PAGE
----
• See also: New Diepsloot SME incubation hub a model for public, private partnerships

That incubation centre will have rent-free office space for about 100 Diepsloot SMMEs for three years. They will be trained and incubated so that in three years’ time they exit the programme and should be running on their own.

How do you ensure that all your programmes are aligned with the National Development Plan?

It’s not an option, it must be done and it will be done. But we also have internal mechanisms like inter-governmental forums where we meet and look at all those things. Everything we do is aligned, there can’t be clashes. It’s not like we have a choice. The NDP is a national plan.

Mayor Parks Tau was recently quoted saying that 10, 000 people move to Johannesburg every month. What impact does this have on economic development?

It has a huge impact on social and economic development. We already have a huge number of unemployed people and most of those who come here are looking for work. So it adds into the number of people looking for work and some of them come with families. It adds on the human settlements list, and adds more people who must get all kinds of government services. And the resources are not growing, they are limited. So it’s a challenge because we have to continue working to grow the economy under those conditions.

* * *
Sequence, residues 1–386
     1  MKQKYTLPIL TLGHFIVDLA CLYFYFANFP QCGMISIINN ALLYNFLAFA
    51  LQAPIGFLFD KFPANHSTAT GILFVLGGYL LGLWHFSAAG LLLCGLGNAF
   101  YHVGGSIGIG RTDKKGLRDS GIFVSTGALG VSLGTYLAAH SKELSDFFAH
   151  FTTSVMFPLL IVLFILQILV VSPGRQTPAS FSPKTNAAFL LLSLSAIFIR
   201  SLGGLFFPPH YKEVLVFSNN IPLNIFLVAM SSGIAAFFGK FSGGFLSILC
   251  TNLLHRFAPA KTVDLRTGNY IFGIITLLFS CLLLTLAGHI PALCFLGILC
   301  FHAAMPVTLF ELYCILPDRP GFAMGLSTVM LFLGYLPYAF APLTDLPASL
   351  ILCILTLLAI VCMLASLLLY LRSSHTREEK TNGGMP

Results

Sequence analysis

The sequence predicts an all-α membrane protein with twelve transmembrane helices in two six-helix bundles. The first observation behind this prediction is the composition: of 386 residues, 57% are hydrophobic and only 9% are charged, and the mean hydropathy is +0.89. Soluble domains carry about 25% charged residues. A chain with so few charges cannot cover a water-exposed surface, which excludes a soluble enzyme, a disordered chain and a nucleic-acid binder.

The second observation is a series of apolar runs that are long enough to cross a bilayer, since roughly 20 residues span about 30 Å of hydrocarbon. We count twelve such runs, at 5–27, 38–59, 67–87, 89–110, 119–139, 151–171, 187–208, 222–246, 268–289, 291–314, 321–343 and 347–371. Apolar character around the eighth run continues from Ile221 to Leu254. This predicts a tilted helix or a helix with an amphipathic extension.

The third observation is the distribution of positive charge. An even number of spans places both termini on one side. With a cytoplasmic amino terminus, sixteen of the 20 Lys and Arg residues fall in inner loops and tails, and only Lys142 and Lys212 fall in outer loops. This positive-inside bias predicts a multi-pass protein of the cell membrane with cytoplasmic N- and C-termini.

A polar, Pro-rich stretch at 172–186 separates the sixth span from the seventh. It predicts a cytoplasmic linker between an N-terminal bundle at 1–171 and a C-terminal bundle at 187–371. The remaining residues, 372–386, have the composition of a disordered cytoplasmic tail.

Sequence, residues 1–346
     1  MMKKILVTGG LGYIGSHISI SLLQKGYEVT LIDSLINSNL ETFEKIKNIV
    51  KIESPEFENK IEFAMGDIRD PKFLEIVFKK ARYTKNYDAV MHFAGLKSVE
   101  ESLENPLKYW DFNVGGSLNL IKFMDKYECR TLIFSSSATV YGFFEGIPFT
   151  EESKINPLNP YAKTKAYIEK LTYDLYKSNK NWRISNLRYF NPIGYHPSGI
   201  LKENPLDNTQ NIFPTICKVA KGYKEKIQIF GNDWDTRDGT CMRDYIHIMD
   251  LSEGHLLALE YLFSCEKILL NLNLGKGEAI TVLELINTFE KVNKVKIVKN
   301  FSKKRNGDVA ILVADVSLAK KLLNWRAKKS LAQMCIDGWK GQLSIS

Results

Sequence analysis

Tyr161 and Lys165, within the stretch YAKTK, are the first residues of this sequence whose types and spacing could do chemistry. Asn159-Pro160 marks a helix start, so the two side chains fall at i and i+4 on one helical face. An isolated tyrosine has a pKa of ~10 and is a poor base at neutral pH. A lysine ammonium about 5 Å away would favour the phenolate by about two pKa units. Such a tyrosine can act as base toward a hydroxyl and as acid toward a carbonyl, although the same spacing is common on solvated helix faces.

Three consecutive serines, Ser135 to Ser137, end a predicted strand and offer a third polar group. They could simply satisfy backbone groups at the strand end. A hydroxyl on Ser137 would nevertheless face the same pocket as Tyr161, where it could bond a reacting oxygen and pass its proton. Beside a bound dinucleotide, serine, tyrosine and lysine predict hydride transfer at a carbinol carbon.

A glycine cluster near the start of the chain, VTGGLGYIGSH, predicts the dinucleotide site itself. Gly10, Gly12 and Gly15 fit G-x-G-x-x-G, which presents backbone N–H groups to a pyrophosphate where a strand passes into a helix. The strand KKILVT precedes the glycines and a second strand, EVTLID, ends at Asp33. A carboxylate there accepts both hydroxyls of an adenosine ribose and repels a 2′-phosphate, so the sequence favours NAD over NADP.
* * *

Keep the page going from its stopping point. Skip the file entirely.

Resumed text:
An issue of the department’s visibility or yourself on social media was raised with us. Do you think you are using social media optimally to reach your constituency, especially the youth?

To communicate with people we must use different platforms wherever they are, in the church or social media. I don’t know who determines whether we use social media optimally but we are there.

The department is on Facebook, and even on YouTube they can get some of our videos. Twitter gives us feedback every week saying we’re doing well. But there’s always room for improvement.

Lastly, what legacy do you want to leave when you leave this office?

I didn’t come into this office because I contested elections. The ANC did. So it’s not about my legacy but the legacy of the ANC to change the structure of the economy, the patterns of ownership, getting new entrants into the economy and making sure that there is equality.

People who want to have their own legacies end up messing up because they think about themselves and not what the broader picture is. The change I want to see is the change the ANC wants to see. As to whether when I’ve left people would decide to remember certain things about me it’s fine, it’s up to them. But I cannot make an effort to be remembered in a particular way.